Windows application management
The task manager is far from being the best window management tool. However, it has a couple of actions that may come in handy. To access them, you have to click on the drop-down arrow next to the one you want to manage. The ones that work offer five actions, from bring to front, maximize, minimize or end the task.
Online search for suspicious processes
You may occasionally see unknown processes in the task manager. Most of them will be legitimate. However, if you don’t trust it, you can check by clicking on the suspicious process and activating the online search. This will launch a search in the browser with the name of the application. In addition, the search includes the name of the process. Consequently, it will help you determine whether it is safe or malicious.
Additional columns for more details
By default, the new Windows 11 Task Manager only displays five columns when listing processes. These are: Name, CPU, Memory, Memory, Disk and Network. These are actually the most important ones. However, you can add up to six more columns by simply right-clicking in the header area. All of them can be useful in the right situation. Particularly the process name because it makes it easier to detect suspicious applications by their process name.
Switches between values and percentages
When browsing the process list, the CPU column can show percentages. However, in the other three default columns you can change them to absolute values, more useful in some situations. Simply right-click on any process. Then go to the resources submenu and you can switch between them.
Discover the open application file
Sometimes it is complicated to know the installation location of a particular program. The file explorer is the general option. However, if the application is in use, from the task manager you can access it in record time. Simply click on any process and select open file location. This will take you directly to the folder containing the executable file of the process. Works for applications, background processes and Windows processes. Fast and convenient.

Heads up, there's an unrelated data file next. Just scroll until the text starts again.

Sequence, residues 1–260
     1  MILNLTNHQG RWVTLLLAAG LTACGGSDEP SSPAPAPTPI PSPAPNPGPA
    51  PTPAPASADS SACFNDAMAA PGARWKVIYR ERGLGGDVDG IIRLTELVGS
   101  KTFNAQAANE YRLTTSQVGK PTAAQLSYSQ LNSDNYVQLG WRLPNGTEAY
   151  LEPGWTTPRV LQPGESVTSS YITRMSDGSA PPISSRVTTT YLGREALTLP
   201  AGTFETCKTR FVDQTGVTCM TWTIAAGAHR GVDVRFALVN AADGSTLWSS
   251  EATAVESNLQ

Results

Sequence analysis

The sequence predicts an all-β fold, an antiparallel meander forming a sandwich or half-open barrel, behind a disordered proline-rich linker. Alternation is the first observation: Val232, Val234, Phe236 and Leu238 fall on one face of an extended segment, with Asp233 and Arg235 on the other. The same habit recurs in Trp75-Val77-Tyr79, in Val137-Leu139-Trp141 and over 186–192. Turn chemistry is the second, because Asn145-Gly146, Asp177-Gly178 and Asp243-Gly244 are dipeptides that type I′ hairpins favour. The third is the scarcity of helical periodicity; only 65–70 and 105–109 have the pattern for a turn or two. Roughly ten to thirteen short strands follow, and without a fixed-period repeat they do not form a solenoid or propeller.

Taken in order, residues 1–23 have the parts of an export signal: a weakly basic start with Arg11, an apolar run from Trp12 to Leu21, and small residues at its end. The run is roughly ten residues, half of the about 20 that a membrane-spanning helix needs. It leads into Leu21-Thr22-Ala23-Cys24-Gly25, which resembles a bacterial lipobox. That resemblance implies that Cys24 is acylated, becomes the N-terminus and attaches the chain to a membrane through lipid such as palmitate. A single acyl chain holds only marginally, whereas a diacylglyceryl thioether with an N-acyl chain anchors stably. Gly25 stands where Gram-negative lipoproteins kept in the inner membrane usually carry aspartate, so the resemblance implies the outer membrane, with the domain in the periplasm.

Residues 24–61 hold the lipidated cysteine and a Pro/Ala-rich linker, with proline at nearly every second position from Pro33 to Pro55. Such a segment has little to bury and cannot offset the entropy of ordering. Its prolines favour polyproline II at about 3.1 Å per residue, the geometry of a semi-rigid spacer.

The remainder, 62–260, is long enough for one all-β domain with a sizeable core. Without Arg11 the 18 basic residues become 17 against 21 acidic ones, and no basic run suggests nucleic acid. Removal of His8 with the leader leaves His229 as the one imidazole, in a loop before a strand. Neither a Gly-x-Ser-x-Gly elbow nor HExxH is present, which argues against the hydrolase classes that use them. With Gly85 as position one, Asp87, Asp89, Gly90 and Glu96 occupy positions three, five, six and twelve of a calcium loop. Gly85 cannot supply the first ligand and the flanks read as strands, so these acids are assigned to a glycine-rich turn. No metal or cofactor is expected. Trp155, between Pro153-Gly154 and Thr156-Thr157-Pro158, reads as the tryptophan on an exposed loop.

Start the command prompt directly
In the task manager, you can go to the File menu and select run a new task to launch the run dialog box. Most people who use this tool know this because it is one of the ways to manually restart a frozen browser in previous versions of Windows. What not everyone knows is that you can access the Windows console in the same way by simply holding down the Control key. Very useful.
Starting the System Configurator
In Windows 11, if you run the msconfig command to configure the system, you will see that the startup function has been moved to the task manager. This is the tool that allows us to configure the applications that will start at startup. The tool provides information on the impact of each application on system performance and allows you to disable them at startup. If your PC is slow to boot or runs slower than usual, disable all non-essential applications/services from startup.